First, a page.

/ 20 March 2009

Mesmerising mistresses

In Africa, as elsewhere in the world, mistresses walk tall in the corridors of power, pulling boardroom levers from the bedroom. Many think they are the best thing since the invention of the motor car. Some mistresses even get upgraded to wives. And the tales of mistresses help to thicken the plots of bestselling books and blockbuster movies.

And it comes as no surprise that in Africa mistresses are not only part of a successful man’s CV, but come with a variety of colourful noms de guerre to boot.

From kings and presidents to corporate leaders, all have claimed to have a mistress or two. In some societies they are officially recognised.

References to mistresses make for interesting and volatile debate; do not wade into them with a weak heart or without paid-up funeral cover. And it’s best to discuss mistresses several miles away from your spouse.

The magic of mistresses or ”the other woman” has deepened men’s imagination, powered their lust, oops … er … passion, without doubt extended the frontiers of morality and remoulded the concept of marriage. Just check the litany of names and phrases fashioned to define mistresses. From hostess, special assistant, secret lover, concubine, courtesan, companion and comforter, mistresses are an institution.

In Zimbabwe you would be forgiven for thinking that men are talking about the latest model of a vehicle or some blue-chip investment: small house, the junior mother, small mother, the spare wheel, the side-kick. In Zambia I heard men talk of ”plot two”, while in Kenya a friend of mine said men pay tribute to ”women in secret service”. In Uganda a man’s mistress is referred to as ”obwenzi” in the language of the Baganda, one of the largest Ugandan ethnic groups.

In much of Africa having a mistress may be frowned upon in public but pretty much accepted in private. In fact, having a mistress is rather like wearing a badge of honour, adding to the man’s social standing, even though it can be a ticket to an early grave. If the woman’s husband does not kill you first, it’s likely your wife will either Bobbitt you or sue the pants off (forgive the pun) both you and your mistress.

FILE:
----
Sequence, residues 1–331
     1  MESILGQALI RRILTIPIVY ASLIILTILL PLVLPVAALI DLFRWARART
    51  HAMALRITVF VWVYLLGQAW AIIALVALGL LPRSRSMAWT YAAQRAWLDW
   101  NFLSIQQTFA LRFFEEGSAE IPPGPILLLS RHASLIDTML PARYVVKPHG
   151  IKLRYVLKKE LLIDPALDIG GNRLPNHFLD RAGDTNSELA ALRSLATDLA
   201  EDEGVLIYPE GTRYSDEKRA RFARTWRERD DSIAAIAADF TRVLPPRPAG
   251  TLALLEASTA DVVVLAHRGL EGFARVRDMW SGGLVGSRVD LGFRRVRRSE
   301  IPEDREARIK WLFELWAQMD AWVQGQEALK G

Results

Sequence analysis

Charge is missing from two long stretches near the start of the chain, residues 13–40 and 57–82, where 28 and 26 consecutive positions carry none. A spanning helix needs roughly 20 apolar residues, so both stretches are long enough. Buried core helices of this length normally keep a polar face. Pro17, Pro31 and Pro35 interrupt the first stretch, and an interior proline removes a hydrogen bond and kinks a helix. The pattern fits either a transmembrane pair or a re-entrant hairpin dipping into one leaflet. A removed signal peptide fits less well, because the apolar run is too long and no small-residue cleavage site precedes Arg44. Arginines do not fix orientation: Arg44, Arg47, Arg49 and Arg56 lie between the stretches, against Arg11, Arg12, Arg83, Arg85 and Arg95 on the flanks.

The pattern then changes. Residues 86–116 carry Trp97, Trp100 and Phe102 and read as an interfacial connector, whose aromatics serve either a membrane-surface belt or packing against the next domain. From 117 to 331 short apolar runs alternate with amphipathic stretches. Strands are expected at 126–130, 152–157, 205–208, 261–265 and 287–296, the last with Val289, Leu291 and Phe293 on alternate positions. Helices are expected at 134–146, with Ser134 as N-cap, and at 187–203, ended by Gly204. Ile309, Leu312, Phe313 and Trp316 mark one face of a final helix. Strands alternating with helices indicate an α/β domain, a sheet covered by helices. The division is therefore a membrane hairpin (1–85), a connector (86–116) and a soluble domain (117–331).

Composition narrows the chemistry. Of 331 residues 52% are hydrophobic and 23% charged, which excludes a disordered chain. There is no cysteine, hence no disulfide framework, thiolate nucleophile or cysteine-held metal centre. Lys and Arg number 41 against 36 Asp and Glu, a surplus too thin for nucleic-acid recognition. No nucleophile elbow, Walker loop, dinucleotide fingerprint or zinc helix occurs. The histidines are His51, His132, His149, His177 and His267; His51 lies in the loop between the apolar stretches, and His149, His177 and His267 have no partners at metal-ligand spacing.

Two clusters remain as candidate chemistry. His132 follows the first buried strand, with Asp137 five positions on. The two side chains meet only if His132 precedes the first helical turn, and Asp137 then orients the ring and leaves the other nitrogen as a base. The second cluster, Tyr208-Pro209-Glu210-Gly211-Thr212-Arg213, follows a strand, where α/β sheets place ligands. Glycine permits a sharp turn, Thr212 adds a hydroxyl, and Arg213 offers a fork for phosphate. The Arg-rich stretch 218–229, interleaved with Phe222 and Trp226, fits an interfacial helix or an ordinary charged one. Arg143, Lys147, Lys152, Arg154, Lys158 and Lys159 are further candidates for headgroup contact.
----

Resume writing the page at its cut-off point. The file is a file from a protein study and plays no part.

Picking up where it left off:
High- and low-ranking citizens in all spheres are known to have mistresses and concubines even though they might not be referred to as such. The Afrikaans word for a mistress clearly spells out the danger of such dalliances; a mistress is referred to as a ”skelmpie”, derived from the word ”skelm”, meaning thief or crook. It makes me think of the skull and cross bones sign usually dangled in high-voltage areas to keep away trespassers — but some people enjoy skipping underneath power lines.

Words such as ”official hostess”, ”personal assistant” and ”the leader’s friend or contact” are all pseudonyms for mistress. African leaders have had them. In Malawi one leader had an official hostess and in Zambia a former leader married his mistress. In Uganda Idi Amin Dada was reported to have had four wives and more than 30 mistresses. In Kenya a leader was in the news recently denying rumours of having a second ”wife”. Since this leader threatened to sue whoever perpetuated this grapevine news, let me say no more.

What drives men to have mistresses and women to accept being the ”spare tyre”? Money, influence, love or downright lust? I have heard of men with an ”inborn” high concentration of the small blue pills.

I wonder if polygamy was widely legalised, could mistresses halt the spread of HIV transmission and help stop a cancer to marriages which defies moral chemotherapy? According to a self-confessed serial mistress and author of the book The Mistress, Victoria Griffin: ”As long as there is marriage, there will also be the mistress.” Critics of the book have said it is a great buy. But do not be caught reading it by your wife.

Busani Bafana is a journalist who lives in Bulawayo


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